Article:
September 11, 2012


This article was written for the american FRONTIERS L.A. and published 6th of September here:

Convincing the population of a country and their politicians, that there is a link between how they treat a minority group as people living with HIV, their laws and all it symbols, is kind of a challenge. But with international help and among them some very experienced people from the US, things are slowly starting to move in a better direction here in Norway.
By Louis Gay

We have an old expression in Norway saying something about how a small bump sometimes can topple a big load. When I started raising my voice in public media November 30th 2011, I felt like a very small bump.

As a charged HIV-positive I would be the first one ever to do this and one of very few positive’s at all to argue back at the state in national media. Nordic countries have a long tradition in trusting the state to take care of us. This also applies when it comes to how we trust the law to prevent society from HIV. All responsibility lies with the one carrying the virus. Discloser does not protect you from the law, because we think it does not protect the society from HIV.

The loneliness changed in February 2012, during the UNAIDS conference in Oslo. I was invited to tell my story at a pre-conference working with the Oslo declaration at the time. In that room I met experts, activists and organizations from all over the world, working against HIV-crimanalization. People like your own Sean Strub and Robert Struttle from the Sero project, Edwin J. Bernard from HIV justice network and Professor Matthew Wait from England. Even people from the Nordic countries and Norway, was there fighting criminalization of HIV. I was not alone anymore.

Most of these people have included me in their networks and shared their experiences with me. Enlightened me and supported my fight in Norway. This summer Sero project and HIV justice network invited me to AIDS2012 in Washington to share my story among other Americans in the same position as myself. Lacking the money to participate they put me up with amazing people in Frontiers Media to get a free pass to the conference as a media representative. People to house me for free during the entire conference and of course the interviews and panel debate.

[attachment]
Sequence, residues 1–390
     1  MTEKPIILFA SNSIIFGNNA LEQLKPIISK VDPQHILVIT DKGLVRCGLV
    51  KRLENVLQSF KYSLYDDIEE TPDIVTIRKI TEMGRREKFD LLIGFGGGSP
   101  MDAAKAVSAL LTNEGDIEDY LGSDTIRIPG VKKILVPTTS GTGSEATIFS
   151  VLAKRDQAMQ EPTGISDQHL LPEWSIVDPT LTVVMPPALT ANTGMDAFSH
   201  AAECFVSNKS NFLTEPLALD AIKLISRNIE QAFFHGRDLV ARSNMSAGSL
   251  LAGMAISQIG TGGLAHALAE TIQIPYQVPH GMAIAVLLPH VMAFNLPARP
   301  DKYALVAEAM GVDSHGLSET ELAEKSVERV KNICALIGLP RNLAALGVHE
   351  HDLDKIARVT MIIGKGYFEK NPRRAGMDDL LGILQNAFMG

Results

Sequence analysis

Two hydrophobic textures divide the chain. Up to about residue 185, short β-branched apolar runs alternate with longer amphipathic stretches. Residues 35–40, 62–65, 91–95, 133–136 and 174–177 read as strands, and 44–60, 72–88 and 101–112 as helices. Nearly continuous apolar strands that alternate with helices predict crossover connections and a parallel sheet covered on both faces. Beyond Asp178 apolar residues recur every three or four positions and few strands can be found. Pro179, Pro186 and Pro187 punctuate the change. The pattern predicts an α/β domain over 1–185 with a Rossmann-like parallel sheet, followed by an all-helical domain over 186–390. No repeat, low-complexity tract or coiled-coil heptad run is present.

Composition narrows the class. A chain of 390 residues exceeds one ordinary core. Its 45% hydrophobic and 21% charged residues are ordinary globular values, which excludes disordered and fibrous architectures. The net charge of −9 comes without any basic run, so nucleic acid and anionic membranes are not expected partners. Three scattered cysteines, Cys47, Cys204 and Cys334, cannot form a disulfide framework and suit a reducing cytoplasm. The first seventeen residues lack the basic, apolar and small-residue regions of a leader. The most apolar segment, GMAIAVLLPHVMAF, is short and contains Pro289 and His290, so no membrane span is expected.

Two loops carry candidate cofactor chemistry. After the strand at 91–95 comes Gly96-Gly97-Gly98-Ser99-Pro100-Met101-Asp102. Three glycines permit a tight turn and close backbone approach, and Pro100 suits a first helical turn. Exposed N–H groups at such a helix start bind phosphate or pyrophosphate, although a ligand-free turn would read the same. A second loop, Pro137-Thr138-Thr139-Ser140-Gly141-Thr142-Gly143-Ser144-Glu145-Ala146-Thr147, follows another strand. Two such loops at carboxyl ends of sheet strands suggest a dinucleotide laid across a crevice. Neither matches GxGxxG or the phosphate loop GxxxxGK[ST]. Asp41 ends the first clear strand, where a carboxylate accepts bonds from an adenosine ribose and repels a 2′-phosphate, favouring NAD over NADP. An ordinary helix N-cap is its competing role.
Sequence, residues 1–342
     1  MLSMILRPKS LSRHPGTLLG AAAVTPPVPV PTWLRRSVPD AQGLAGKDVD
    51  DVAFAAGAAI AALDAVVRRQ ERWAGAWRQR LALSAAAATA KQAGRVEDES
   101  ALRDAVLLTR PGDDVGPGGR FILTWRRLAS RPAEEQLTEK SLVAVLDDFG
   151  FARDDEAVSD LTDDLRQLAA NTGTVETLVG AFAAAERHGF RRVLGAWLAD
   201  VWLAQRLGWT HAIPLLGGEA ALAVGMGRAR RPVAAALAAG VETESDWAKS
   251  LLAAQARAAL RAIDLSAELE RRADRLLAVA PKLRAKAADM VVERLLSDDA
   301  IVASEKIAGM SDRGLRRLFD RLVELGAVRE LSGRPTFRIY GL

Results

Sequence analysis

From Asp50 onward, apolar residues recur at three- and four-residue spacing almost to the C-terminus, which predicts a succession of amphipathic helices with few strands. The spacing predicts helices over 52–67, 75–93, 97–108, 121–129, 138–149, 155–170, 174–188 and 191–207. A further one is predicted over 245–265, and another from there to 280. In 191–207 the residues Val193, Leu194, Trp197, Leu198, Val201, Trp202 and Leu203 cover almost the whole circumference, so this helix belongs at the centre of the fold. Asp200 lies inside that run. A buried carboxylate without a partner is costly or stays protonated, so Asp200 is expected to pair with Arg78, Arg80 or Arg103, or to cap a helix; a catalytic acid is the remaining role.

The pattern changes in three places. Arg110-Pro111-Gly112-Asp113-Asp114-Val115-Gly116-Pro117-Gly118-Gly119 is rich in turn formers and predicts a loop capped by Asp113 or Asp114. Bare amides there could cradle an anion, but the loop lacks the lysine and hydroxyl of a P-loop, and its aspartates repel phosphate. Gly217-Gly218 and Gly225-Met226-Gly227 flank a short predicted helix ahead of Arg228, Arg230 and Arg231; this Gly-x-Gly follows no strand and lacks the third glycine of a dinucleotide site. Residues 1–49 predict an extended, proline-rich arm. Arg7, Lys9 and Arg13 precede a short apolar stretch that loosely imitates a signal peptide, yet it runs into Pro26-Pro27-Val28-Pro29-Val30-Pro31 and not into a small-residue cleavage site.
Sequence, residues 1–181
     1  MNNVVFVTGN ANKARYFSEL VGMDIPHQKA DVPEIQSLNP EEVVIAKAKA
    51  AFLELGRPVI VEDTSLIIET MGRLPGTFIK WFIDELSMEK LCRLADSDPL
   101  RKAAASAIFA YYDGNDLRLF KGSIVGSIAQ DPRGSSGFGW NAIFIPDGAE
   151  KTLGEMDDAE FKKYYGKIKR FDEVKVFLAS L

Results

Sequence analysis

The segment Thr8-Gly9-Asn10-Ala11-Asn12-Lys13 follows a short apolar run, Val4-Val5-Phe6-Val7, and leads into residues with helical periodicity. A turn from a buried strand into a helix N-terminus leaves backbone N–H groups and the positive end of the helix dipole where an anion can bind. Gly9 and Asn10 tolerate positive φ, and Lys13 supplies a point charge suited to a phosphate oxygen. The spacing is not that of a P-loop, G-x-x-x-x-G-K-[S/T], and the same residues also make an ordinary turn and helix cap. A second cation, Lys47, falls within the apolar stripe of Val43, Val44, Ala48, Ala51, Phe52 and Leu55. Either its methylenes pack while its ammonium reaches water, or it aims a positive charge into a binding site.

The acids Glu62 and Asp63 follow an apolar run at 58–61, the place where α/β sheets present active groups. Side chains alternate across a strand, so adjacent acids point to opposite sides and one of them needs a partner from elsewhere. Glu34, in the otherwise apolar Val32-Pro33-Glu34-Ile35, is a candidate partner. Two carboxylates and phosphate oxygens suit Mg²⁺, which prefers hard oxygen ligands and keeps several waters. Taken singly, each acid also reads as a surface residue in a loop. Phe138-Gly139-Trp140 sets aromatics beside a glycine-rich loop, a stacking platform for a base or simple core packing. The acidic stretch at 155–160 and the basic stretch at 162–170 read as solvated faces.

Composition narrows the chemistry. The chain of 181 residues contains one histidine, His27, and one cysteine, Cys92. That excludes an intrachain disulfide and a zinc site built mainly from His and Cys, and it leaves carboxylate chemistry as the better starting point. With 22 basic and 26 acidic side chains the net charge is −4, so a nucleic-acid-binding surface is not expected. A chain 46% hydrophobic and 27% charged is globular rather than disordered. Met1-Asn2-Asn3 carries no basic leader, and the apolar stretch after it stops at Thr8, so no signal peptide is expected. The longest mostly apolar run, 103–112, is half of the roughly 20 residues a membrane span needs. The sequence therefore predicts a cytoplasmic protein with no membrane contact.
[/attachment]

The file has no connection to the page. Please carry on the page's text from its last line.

Like I said at the criminalization panel during the conference; “Success is a hard thing to measure.” What I do know is that slowly politicians are participating in the debate against HIV-criminalization in our national media. Now they dare to say my name and talk to me. Even I am facing trial in October. Media are contacting me to listen to my views on HIV-criminalization and stigma. The debate is full of different perspectives. Some less accurate than others, but there is now finally a debate. Even among people living with HIV, there are different views when it comes to criminalization. Skilled people like those I was so lucky to meet at the conference in Oslo and during AIDS2012 in Washington, must never stop recruiting and educating new members to this fight. Not all of us have the time and recourses to invent all the arguments and read all the science by ourselves. We have the power and will to stand up, but not to be alone for a very long time. It is simply too expensive on a personal level.

In a huge international community of people working for a better future for those living with HIV, I sometimes feel small and insignificant. But I am not, am I? Thru the privilege of being part of something bigger, people like me get a mirror which reflects and adjust the work we do.

There are so many ways to influence politics. Raising your voice can be one of them. But it is easier when you are not alone. Maybe, just maybe we are about to topple a big load?